I once found myself working closely, in a cathedral fundraising campaign, with a local millionaire. He was a self-made man. When I met him he was in his 60s, at the top of his game as a businessman, and was chairing our Board of Trustees. To me, coming from the academic world, he was a nightmare to work with.
He never thought in (what seemed to me) straight lines; he would leap from one conversation to another; he would suddenly break into a discussion and ask what seemed a totally unrelated question. But after a while I learned to say to myself: Well, it must work, or he wouldn’t be where he is. And that was right. We raised the money. We probably wouldn’t have done it if I’d been running the Trust my own way.
I have something of the same feeling on re-reading C. S. Lewis’s Mere Christianity. I owe Lewis a great debt. In my late teens and early twenties I read everything of his I could get my hands on, and read some of his paperbacks and essays several times over. There are sentences, and some whole passages, I know pretty much by heart.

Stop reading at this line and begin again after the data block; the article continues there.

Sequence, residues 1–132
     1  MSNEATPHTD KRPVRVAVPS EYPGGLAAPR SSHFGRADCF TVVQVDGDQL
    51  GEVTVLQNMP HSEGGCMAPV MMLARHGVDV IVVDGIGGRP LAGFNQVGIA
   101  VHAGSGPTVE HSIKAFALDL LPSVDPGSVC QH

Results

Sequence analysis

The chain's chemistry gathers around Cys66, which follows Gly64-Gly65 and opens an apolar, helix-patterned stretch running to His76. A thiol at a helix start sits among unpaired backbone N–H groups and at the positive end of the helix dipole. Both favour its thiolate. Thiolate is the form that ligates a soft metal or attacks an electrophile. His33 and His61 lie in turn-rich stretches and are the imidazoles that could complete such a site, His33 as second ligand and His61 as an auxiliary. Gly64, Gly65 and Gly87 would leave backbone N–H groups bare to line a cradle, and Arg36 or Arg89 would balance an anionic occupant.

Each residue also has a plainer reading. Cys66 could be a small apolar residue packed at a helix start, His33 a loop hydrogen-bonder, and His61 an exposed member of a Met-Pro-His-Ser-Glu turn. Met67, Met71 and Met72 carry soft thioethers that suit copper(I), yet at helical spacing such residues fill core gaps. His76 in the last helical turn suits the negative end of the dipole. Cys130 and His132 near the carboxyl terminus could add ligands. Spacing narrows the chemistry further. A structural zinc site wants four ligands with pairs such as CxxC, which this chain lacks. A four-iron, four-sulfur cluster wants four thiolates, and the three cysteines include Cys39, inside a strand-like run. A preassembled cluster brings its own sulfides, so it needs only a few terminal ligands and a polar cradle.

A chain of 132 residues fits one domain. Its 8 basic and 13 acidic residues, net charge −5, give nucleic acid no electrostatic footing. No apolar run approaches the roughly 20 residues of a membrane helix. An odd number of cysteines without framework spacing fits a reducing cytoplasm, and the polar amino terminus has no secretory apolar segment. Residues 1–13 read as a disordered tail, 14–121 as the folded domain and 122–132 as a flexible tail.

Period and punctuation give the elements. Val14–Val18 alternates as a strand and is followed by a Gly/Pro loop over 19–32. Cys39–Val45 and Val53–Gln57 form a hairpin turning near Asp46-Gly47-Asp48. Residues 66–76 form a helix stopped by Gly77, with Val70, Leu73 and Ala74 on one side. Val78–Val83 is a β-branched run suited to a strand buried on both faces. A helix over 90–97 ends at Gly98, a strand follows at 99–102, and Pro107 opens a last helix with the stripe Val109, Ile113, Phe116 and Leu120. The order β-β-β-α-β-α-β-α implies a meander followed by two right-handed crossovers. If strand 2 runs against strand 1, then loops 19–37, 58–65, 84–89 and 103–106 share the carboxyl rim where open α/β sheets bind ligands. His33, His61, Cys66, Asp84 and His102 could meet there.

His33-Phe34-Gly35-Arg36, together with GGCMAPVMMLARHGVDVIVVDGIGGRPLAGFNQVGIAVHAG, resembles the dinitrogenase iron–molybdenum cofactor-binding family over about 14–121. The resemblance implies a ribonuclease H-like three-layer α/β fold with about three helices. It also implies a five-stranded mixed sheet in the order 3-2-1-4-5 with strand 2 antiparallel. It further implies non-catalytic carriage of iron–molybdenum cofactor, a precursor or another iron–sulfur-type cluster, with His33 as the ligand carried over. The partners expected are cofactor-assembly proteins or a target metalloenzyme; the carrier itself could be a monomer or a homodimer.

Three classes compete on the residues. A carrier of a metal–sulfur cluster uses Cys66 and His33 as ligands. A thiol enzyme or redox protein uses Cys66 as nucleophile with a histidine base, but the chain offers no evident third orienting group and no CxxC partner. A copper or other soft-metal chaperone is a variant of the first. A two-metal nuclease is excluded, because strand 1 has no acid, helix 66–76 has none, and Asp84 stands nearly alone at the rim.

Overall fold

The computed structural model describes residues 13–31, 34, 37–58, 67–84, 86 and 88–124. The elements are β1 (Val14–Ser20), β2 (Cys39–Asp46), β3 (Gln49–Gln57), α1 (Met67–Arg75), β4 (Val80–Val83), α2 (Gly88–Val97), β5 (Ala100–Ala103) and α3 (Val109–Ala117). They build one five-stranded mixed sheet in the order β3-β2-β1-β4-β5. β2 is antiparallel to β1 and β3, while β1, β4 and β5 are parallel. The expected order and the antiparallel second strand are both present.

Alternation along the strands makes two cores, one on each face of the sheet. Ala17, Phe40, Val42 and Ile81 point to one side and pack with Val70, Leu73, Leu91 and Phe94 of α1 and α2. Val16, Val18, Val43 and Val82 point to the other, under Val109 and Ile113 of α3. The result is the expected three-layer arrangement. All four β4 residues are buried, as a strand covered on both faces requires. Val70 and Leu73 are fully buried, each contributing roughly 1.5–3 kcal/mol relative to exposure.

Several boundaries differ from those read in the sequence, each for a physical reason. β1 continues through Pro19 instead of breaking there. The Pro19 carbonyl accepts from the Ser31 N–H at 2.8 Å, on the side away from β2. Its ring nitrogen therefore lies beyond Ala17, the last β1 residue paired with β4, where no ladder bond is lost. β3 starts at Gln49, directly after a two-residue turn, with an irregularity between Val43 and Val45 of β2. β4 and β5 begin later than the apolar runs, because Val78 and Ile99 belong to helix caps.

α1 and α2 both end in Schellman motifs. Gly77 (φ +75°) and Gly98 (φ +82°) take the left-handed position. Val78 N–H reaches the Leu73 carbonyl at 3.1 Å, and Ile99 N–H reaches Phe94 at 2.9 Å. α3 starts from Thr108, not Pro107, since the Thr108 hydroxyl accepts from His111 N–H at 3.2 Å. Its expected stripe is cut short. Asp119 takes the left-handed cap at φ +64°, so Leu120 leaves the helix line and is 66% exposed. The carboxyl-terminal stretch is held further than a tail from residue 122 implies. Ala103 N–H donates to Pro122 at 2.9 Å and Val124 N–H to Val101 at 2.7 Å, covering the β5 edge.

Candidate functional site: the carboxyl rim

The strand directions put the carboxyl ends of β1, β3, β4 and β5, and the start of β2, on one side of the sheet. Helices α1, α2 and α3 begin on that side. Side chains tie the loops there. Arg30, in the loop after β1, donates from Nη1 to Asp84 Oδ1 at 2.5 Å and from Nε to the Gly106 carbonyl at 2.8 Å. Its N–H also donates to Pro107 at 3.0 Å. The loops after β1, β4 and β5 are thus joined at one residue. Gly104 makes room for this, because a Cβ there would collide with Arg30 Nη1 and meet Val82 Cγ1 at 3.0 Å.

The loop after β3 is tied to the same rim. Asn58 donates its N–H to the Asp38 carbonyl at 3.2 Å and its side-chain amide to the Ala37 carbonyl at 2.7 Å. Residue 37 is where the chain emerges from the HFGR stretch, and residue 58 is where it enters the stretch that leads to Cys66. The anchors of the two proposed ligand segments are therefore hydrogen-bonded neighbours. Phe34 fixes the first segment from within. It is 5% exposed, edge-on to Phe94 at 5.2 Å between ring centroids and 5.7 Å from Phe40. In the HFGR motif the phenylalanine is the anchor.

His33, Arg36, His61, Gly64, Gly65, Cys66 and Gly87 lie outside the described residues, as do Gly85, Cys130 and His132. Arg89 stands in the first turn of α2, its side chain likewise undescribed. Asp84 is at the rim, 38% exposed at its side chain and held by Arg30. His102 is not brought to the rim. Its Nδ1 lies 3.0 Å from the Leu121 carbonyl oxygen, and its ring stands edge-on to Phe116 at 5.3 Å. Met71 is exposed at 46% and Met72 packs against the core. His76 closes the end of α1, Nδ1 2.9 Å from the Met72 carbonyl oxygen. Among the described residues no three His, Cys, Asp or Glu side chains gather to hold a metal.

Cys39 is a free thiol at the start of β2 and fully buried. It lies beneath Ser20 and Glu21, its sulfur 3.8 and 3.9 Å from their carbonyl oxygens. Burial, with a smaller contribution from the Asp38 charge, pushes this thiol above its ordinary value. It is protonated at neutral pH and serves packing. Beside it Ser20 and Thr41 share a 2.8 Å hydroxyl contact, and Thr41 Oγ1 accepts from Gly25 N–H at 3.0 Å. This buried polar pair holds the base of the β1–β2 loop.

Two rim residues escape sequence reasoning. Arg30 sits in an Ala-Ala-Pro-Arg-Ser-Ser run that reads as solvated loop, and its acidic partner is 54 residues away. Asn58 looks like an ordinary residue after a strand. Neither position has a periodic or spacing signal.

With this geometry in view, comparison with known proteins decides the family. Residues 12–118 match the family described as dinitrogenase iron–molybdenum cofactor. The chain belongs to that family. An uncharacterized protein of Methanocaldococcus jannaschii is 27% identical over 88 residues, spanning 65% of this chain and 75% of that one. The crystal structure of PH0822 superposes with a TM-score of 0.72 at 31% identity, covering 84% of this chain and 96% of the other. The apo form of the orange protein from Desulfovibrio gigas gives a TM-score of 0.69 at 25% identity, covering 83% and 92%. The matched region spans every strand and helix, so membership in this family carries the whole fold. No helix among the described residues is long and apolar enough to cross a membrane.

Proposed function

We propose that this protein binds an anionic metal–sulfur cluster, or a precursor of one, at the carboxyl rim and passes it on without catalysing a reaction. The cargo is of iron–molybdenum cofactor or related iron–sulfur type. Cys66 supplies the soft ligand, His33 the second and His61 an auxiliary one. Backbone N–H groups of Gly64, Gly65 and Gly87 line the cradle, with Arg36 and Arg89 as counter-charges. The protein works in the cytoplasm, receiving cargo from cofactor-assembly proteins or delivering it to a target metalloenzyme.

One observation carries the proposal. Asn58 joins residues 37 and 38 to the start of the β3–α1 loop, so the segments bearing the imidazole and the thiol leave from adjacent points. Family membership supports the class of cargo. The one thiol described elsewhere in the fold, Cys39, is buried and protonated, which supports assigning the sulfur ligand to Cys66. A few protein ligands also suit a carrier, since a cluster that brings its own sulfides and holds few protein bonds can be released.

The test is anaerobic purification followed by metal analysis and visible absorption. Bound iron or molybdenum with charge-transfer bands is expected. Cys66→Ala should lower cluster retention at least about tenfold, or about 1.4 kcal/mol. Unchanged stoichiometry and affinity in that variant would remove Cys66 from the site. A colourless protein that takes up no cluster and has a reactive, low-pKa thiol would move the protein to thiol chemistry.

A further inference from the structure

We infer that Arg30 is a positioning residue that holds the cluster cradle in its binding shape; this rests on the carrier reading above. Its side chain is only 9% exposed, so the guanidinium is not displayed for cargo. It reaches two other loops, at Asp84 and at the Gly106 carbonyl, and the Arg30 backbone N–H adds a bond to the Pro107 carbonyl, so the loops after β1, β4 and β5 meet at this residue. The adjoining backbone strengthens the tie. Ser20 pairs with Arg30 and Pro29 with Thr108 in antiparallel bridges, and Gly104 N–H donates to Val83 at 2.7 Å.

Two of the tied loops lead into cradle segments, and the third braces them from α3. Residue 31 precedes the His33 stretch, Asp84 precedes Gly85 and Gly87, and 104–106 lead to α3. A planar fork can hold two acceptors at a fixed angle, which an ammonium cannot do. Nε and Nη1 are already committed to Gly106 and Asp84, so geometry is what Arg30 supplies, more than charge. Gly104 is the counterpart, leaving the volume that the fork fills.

Millions around the world have been introduced to, and nurtured within, the Christian faith through his work where their own preachers and teachers were not giving them what they needed. That was certainly true of me.
The Episcopal Church also commemorates Clive Staples Lewis, Apologist and Spiritual Writer, 1963 https://t.co/xNiS47yl8X
Photo of C.S. Lewis by Walter Stoneman (1955), in the National Portrait Gallery pic.twitter.com/2mQOVtgBtw
— The Anglican Church in St Petersburg (@anglicanspb) November 22, 2021